Committee co-chair Rebecca Wells of Porter Square Books in Cambridge, Mass., said that this year the group received 160 submissions. She noted that it was a strong year for picture books, but the group worked hard to create a list that was balanced by age levels, genres, and publishers. “You may think, where’s Jason Reynolds and Jacqueline Woodson?” said Beth Wagner of Phoenix Books in Essex, Vt. “These books are already being sold. We’re not choosing the best books. We’re choosing a representation of books.”
To help booksellers promote these titles, panelists recommended incorporating the books into thematic or other store displays rather than creating a single diverse books display. NECBA is making Windows Mirrors bookmarks available to place in featured books so that they stand out in displays and on shelves, allowing customers to find them more easily. The list will also be posted on the NECBA website. Windows Mirrors is one program that Ineson said she would particularly like to amplify by taking it national and reaching out to regions outside New England.
In addition to singling out books, NEIBA also uses the show to spotlight key book people. Long-time Random House Children’s Books sales manager Kate Sullivan received the 2018 Saul Gilman Award for outstanding sales representative in New England. Sara Hines and Mary Fran Buckley of Eight Cousins in Falmouth, Maine, accepted the Independent Spirit Award from the Book Publishers Reps of New England. Their bookstore, which has a strong kids’ focus, was lauded for its community involvement when a burst pipe in the apartment above the store destroyed much of the space and the books.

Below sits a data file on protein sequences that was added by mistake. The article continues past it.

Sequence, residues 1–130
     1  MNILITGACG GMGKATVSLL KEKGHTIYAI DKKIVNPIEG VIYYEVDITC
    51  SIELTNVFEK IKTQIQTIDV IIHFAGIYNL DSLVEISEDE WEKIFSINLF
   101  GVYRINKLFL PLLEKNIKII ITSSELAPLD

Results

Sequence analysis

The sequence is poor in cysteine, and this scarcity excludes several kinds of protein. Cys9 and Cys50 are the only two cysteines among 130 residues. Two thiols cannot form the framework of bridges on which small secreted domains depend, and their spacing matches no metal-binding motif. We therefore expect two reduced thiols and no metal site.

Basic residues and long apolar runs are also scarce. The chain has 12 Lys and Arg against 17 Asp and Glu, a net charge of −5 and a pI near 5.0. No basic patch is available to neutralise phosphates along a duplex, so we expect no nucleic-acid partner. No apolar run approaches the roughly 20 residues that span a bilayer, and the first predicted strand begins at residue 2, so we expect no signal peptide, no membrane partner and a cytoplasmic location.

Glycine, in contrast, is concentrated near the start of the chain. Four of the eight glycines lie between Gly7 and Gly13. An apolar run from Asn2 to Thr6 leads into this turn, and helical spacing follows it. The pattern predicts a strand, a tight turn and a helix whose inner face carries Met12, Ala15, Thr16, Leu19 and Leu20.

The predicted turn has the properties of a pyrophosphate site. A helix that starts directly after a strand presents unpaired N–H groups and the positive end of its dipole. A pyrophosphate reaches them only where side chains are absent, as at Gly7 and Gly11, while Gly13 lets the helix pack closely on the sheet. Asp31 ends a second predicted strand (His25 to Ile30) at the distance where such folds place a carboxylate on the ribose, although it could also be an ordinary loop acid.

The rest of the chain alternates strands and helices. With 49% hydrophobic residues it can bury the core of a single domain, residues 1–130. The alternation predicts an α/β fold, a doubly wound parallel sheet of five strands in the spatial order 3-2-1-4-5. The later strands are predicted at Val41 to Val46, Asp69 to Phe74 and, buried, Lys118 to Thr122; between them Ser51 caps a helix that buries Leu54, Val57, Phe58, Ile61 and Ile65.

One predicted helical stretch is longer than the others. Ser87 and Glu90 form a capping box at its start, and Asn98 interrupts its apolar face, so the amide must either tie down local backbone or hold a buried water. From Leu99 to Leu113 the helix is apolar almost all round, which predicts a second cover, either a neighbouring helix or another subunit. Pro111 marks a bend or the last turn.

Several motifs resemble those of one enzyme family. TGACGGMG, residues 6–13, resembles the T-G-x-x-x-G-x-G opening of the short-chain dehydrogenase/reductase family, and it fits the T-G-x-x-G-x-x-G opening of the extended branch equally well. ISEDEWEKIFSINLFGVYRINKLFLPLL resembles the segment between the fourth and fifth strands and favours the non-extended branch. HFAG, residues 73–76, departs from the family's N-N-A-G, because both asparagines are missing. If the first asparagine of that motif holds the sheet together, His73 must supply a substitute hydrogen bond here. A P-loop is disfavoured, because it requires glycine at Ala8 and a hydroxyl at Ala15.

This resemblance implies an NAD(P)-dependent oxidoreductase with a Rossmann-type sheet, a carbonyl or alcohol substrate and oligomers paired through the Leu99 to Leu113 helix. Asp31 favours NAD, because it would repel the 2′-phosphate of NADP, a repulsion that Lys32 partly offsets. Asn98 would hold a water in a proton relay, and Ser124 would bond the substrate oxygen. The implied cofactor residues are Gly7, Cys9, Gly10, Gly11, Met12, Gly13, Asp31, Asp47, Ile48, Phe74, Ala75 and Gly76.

This year’s co-chairs of NECBA were named at the fall conference: Julia Hobart of the Bookloft in Great Barrington, Mass., and Nicole Brinkley of Oblong Books Music in Millerton and Rhinebeck, N.Y. New co-chairs were also selected for Windows Mirrors.:Clarissa Hadge of Trident Booksellers and Café in Boston and Alice Ahn of Water Street Bookstore in Exeter, N.H. The children’s alliance has also added an Instagram account: @NECBAbooks.
Next year, NEIBA will be back in Providence from October 2–4, possibly with a Greek banquet as a nod to Trigiani for her suggestions.